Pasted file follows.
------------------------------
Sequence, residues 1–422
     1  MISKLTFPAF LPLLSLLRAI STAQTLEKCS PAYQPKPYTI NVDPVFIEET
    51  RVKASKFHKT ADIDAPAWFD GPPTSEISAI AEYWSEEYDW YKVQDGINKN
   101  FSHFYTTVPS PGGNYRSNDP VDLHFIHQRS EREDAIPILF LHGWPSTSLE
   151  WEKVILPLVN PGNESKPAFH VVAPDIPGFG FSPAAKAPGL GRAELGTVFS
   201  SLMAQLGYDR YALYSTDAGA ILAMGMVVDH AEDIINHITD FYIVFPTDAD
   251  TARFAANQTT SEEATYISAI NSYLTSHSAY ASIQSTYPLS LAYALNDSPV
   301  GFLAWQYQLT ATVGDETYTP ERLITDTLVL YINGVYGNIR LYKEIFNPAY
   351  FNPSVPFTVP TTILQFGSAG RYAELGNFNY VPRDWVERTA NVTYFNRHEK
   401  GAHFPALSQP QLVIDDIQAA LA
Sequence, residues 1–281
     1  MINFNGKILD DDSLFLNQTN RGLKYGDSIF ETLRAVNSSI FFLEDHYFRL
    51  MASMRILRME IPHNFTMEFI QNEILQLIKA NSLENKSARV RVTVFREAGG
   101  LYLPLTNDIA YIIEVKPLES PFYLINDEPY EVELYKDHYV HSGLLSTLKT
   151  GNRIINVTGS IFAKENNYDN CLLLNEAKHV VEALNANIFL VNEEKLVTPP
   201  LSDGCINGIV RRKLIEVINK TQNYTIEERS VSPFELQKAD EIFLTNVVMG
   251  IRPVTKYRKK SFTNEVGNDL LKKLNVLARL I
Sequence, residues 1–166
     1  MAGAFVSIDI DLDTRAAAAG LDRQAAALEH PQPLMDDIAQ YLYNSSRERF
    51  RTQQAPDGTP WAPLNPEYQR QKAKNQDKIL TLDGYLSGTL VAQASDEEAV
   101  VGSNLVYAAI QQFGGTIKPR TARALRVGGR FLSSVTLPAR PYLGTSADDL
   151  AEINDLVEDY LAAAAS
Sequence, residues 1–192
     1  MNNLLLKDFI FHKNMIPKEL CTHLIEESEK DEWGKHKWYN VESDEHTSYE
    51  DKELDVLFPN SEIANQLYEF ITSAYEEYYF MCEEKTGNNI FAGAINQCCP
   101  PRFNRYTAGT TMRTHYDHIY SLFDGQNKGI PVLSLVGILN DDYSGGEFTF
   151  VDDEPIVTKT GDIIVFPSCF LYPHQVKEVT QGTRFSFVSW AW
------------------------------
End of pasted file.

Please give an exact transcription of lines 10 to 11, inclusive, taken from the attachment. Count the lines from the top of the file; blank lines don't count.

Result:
   401  GAHFPALSQP QLVIDDIQAA LA
Sequence, residues 1–281